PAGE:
So much more than décor, artistic works have long been used as modes of self-expression and cultural identity, as well as tangible historical tools that visually display the progression of society throughout the ages. Through changes and innovations in technique, mediums and subject matter, a piece of art has the ability to transport the viewer to different points in time, or alternatively (in the case of the modern movement) to different realms of consciousness, and provide some insight into a highly subjective human endeavor. For those of you that want to revel at works that are classical, weird and everything in between, here are the world’s top 10 must-see galleries.
12. Auckland Art Gallery – Auckland, New Zealand
Since opening in 1881, Auckland Art Gallery remains the largest gallery of fine and visual art in New Zealand, currently holding over 15,000 works dating from the 11th century to the present. What started out as a small collection of pieces by European masters, has now grown into the most comprehensive collection of New Zealand art, as well as distinguished pieces by Maori and Pacific Island artists. Art lovers will love how this smaller gallery contrasts with the (though beautiful) often overwhelming scale of the famous European galleries, and appreciate the chance to admire how such an architecturally split environment (the building is part renaissance and part modern) beautifully showcases such a diverse range of works.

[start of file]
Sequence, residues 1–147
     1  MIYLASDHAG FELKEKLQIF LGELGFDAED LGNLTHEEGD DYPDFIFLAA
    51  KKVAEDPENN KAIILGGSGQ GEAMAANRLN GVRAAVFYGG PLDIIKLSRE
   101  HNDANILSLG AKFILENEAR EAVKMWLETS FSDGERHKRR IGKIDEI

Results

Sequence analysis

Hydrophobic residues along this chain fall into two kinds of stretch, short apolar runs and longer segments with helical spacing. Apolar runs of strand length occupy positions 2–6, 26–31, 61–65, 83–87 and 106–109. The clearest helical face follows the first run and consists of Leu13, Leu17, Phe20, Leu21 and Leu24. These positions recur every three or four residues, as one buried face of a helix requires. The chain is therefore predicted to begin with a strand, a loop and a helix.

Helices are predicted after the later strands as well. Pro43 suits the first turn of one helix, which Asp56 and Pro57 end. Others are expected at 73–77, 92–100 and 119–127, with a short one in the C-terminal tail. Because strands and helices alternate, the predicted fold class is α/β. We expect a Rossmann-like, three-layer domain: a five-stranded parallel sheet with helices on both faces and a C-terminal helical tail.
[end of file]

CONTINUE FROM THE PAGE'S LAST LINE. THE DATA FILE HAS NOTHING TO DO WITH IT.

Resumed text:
11. Rijksmuseum – Amsterdam, Netherlands
Translated literally, Rijksmuseum means “state museum” and is just that, chronicling the development and progression of Dutch art and history through its vast collection of paintings, sketches, photography and applied arts. The newly updated gallery, which reopened in 2013 after a 10-year renovation, offers a unique art-viewing experience, displaying all types of pieces (i.e. paintings, sculptures, furnishings, etc) together in galleries organized by time period. Though holding a small amount of international art, including a dignified collection of Asian art, it is the works hanging in the Gallery of Honor that are the highlight of the museum. It in this corridor that you will find the masterpieces of the Dutch Golden Age of painting, including Vermeer’s The Milkmaid and Frans Hals’ Portrait of a Couple, all leading to the gallery’s most treasured piece: Rembrandt’s Night Watch.
10. Prado Museum – Madrid, Spain
Established in 1819, the Museo del Prado in Madrid contains the single largest Spanish art collection in the world, along with notable European fine art works of the 12th-19th centuries. In fact, in addition to displaying works by Francisco de Goya, Diego Velazquez and El Greco, the Prado now also houses the largest collection of art by the Italian masters outside of Italy. A stroll through this national art museum will reveal such well-known pieces as Fra Angelico’s The Annunciation, Rubens’ The Three Graces, and Goya’s The Third of May: The Execution on Principe Pio.
9. National Museum of Modern and Contemporary Art – Seoul, South Korea